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  14. #14
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    Quote Originally Posted by Shorty_J View Post
    Are the pop ups ok for temperture/insulation in the winter?

    What's the weight of yours, dry?
    Yes, works will in winter with the optional (removable) Arctic Pack liner. The roof is designed to take a 1,000 lb. snow load. New furnace is much more efficient than the one on my first FWC.

    Our front dinette Hawk w/ lots of options weights about 1200 lbs. Hawk basic shell model is 900 lbs.

    Quote Originally Posted by Vt-Freeheel View Post
    How do you fit 5 sailboards or 4 bikes in a full sized van and eat and sleep? That's a good volume of gear and I am having a hard time picturing it.
    Ditto. Is the plan to remove all that stuff each time you camp and put it under a tarp? The two obvious solutions for schlepping all that shit are trailer or redneck toy hauler RV.

  15. #15
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    Quote Originally Posted by Vt-Freeheel View Post
    How do you fit 5 sailboards or 4 bikes in a full sized van and eat and sleep? That's a good volume of gear and I am having a hard time picturing it.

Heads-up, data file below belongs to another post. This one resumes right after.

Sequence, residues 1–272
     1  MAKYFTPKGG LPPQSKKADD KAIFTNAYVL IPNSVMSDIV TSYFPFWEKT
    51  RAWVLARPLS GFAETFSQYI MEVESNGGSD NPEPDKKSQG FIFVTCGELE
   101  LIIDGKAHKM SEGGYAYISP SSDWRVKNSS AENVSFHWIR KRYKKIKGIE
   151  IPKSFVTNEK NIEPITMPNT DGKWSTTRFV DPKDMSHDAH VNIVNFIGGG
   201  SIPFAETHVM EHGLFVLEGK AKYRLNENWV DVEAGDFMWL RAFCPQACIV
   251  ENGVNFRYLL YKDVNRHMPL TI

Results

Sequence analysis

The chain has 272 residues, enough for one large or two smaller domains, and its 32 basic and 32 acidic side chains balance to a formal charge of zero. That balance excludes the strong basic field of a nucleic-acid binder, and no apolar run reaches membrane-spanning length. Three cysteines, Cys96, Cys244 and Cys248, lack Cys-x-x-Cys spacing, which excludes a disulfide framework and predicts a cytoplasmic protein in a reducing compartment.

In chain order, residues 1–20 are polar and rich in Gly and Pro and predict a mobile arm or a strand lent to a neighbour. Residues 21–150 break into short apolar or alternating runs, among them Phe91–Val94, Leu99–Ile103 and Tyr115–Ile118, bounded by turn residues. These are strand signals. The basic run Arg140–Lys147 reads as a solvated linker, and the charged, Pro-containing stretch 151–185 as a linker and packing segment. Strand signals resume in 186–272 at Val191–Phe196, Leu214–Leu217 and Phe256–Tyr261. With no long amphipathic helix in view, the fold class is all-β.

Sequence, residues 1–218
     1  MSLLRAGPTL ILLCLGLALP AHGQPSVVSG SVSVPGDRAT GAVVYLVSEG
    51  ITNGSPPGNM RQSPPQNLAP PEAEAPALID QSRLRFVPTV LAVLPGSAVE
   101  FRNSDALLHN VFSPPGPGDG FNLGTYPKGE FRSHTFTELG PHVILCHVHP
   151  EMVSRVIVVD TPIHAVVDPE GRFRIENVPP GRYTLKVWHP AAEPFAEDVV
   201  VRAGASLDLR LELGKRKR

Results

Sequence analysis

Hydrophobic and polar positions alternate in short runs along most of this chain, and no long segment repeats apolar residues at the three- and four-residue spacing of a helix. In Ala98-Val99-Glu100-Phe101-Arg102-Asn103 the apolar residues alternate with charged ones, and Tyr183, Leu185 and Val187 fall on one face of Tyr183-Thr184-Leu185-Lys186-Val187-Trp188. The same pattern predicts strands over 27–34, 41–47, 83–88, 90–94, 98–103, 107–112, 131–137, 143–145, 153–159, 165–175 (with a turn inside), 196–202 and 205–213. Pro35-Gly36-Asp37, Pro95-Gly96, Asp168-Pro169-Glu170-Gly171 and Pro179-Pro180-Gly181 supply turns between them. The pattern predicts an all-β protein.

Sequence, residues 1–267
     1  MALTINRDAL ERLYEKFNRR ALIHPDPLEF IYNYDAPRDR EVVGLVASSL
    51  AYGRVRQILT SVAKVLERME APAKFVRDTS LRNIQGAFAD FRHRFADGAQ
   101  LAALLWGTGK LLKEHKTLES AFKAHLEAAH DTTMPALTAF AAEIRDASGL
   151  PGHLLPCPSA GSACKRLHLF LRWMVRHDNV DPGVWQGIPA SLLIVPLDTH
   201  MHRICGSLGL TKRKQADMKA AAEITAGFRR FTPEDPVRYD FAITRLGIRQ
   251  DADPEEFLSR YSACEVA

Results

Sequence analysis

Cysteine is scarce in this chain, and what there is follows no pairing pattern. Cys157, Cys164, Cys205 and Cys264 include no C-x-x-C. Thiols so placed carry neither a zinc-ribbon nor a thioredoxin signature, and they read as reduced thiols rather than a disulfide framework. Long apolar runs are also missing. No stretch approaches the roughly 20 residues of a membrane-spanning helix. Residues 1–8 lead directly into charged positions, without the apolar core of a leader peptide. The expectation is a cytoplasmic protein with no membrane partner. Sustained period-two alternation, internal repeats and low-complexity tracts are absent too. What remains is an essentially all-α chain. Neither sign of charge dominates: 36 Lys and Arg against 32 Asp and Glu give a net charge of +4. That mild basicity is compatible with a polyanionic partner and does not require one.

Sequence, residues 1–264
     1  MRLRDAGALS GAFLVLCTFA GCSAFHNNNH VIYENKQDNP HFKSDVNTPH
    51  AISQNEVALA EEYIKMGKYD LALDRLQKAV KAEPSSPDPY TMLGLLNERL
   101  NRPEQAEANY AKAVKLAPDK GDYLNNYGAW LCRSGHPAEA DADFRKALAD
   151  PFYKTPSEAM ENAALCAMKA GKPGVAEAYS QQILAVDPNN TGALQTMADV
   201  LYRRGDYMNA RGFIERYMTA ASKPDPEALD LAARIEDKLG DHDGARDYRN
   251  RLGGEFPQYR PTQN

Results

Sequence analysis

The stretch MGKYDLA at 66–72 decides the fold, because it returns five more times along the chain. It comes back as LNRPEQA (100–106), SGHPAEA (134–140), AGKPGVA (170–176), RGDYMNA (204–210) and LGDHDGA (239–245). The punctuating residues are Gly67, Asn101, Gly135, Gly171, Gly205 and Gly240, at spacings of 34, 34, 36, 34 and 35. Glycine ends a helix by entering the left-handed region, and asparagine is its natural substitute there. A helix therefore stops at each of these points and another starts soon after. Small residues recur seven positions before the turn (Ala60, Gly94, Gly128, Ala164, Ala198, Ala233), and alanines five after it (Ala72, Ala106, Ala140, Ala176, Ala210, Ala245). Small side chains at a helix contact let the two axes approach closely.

No doubt.
    I'm all for quivers, but that is a lot of kit.
    In search of the elusive artic powder weasel ...

  16. #16
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    Mar 2008
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    Quote Originally Posted by wannabe View Post

    Hit me up if you have any questions.
    Have a build thread you can link to?

  17. #17
    Join Date
    Aug 2014
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    Quote Originally Posted by Ryan Dunfee View Post
    Just did some research for an adventure van DIY article and nominally cheapest/most flexible option is truck with topper camper. But as for vans, the guy highly recommended Ford/Chevy cargo vans or any vehicle where you can get a 7.3L diesel, which are pretty indestructible. I'll see if I can't pull any other tidbits out of my notes.
    Do you have a link to the DIY?

  18. #18
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  19. #19
    Join Date
    Jun 2009
    Posts
    55

    Used van for camper conversion, Sprinter, RAM Promaster, Nissan or a trailer?

    http://www.outsidevan.com seem to have the gear hauler / camper van combo dialed. Mostly sprinters with at least 1 sweet NV too. $$$$$ of course but at least gives you ideas of what's possible.

  20. #20
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    Dec 2007
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    Key to fitting the gear is the high roof. That allows you to create a gear garage under the bed like this: http://www.outsidevan.com/syncline.php . Sailboards would likely come out to camp, but windsurfing is usually a local day trip thing for me anyway. Not figuring on bikes and boards at the same time either. Harder part seems to be fitting the cooking and other random storage in. I'm stealing a lot of ideas from Outside Van. Although with their prices ($100K+) I'm not sure who their custom base is? Silicon Valley millionaire gear heads?